Polling, Puritans, and the Pill

Dear Katha,

My goodness! I’m a Puritan and a pollster. And what an ad campaign you’ve cooked up for me: “Go on, hate me, I deserve it!” says the young woman in your ad. Do you realize that’s the sixth time you’ve invoked hatred in your column and in our exchange—and I haven’t mentioned it once? I bet that young woman hates her predicament more than anyone else does. Abort what’s growing inside her, or bring a baby into the world in lousy circumstances. I’m sure she’s grateful for the right to choose between those options, but I bet she hates being reduced to them. All I want is a movement that speaks for her and can persuade the public to leave the choice in her hands.

Let’s clear away the points on which we’ve agreed so far: 1) It’s better to avoid an unwanted pregnancy than to have an abortion. 2) We need more birth control and realistic sex education. 3) We need emergency contraception to be widely available over the counter. 4) Men must take more responsibility through condoms, etc. 5) Parents should talk to their sons about condoms. 6) Women have the right to choose to bear no children. 7) We should respect women’s ability to make these decisions for themselves. 8) We’d both press health insurers to pay for birth control if they pay for Viagra, and we’d “ask stern questions about how that male pill is coming along,” though I might leave the sternness to you. Also, I’ll concede 9) we won’t get to zero abortions. “As few as possible” gets the point across well enough.

What’s left? Well, there’s a debate between the ad campaign you’ve imagined for yourself and the one you’ve imagined for me. I think I’ll stay out of that fight, except to point out that the message you wrote for yourself (“I’ll have a baby when I’m ready— but not till then”) is the one I endorsed two years ago. The line I proposed for politicians last week was, “My opponent and I both want to avoid as many abortions as possible. The difference is, I trust women to work with me toward that objective, and he doesn’t.” I know, it’s not hateful enough. I’ll work on it.

That leaves the two big questions: morality and politics. I thought we disagreed pretty clearly on the morality of abortion, but now I’m not so sure. This passage from your latest post blows me away:

Negative feelings—the sense of the road not taken, that maybe you would have wanted to take had life been different, the feeling that you chose yourself instead of the baby-to-be and maybe that means you are not a good woman, the feeling that you messed up somehow—are often confused with morality, but they are not the same. Morality has to do with rights and duties and obligations between people. So, no: I do not think terminating a pregnancy is wrong. A potential person is not a person, any more than an acorn is an oak tree.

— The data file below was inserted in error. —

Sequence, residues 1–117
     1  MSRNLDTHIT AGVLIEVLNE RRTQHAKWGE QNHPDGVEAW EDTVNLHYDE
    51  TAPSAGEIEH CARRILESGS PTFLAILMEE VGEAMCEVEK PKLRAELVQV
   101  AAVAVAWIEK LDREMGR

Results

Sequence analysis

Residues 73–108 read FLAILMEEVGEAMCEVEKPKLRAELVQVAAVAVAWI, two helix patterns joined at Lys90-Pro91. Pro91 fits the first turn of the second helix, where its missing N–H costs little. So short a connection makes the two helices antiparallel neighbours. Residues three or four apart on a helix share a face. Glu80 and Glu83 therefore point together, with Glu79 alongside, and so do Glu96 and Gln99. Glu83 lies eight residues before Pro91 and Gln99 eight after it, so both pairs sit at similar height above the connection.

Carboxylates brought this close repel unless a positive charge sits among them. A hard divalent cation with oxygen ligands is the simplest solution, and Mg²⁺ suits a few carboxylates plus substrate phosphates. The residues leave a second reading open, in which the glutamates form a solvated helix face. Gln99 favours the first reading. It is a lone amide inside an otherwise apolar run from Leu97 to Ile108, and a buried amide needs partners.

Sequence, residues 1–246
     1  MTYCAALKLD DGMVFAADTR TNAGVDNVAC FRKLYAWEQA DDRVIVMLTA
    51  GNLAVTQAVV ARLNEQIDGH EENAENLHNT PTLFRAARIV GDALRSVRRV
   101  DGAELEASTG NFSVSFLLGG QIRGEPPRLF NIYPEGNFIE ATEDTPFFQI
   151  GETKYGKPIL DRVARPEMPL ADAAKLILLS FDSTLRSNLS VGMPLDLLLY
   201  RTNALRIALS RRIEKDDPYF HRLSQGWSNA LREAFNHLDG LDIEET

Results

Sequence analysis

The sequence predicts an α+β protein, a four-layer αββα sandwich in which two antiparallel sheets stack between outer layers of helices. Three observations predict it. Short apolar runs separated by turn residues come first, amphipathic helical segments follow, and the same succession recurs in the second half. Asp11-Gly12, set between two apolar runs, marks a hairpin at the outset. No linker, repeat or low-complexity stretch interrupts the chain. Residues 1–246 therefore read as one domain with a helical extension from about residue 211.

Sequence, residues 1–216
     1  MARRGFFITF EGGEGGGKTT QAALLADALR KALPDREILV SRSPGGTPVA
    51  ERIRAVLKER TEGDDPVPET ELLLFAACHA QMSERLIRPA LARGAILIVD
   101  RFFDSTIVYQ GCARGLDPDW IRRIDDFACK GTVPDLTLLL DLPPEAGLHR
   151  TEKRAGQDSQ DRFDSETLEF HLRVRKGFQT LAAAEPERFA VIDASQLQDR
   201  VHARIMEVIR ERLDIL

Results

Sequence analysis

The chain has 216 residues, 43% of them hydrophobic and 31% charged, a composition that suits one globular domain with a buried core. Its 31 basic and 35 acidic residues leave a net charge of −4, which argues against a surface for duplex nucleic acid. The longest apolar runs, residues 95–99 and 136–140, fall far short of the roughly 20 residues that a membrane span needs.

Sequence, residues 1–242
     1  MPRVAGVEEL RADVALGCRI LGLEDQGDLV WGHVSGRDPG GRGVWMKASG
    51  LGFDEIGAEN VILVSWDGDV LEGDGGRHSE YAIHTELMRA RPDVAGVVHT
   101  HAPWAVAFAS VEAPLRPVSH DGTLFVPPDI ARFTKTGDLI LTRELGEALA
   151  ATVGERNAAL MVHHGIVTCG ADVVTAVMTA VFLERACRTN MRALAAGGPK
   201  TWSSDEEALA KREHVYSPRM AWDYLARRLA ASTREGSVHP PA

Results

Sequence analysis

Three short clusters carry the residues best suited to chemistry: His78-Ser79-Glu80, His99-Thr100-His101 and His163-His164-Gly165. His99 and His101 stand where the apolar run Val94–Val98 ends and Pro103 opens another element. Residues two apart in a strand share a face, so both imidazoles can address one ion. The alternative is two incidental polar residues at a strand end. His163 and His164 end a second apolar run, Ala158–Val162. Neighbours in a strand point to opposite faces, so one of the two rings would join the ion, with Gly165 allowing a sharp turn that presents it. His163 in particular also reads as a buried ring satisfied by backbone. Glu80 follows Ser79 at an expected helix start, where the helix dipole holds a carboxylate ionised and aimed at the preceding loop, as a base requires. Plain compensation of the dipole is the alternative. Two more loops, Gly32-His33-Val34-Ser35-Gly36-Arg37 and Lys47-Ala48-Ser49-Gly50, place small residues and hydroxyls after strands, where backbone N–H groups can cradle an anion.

Is that all we’re disagreeing about? You’re reserving the word “morality” for relations between persons? But it’s OK, when dealing with abortion, to talk about negative feelings, what you would have wanted, that you chose yourself, that you’re not good, that you messed up? Those are all moral reflections, if you ask me. In fact, they strike me as pretty harsh. Why mask all this self-flagellation as amorality? Is there some kind of pride in refusing to tell the public how seriously women take this stuff?

So then we’re down to a dispute over polls and politics. You think about unwanted pregnancy as “an issue in women’s lives”; I think about it in terms of “how to sell contraception to a polling demographic.” Wait, let me pull down my copy of Carol Gilligan. Actually, you’ve nailed me: I spent lunch today hashing out polls and abortion messages with friends from Third Way who have some very good ideas. So does Frances Kissling of Catholics for a Free Choice, who posted here in Slate’s Fray. If you ever make that ad with the stern nun in front of the clinic, Frances would be perfect for the starring role. She’s not used to taking orders, but maybe she could get into the habit.

Anyway, back to your point. “I don’t think the issue of unwanted pregnancy can be solved by crafting a message from polls,” you write. “I don’t think there is a clever trope that can mobilize the nation.”

But, Katha, if we agree on virtually all of the policy questions, isn’t politics the whole ballgame? Look at our wish list: more birth control, more sex ed, more emergency contraception, more male responsibility, more health insurance. How much of that agenda can we get without government action? And how much action can we get from a government of which we control not a single branch?

That’s why I quote polls instead of letters. It’s not because I don’t care about women. It’s because polls tell us what the public thinks, not just what our friends think. Without the public, we have no power. And without power, we’re no good to women at all.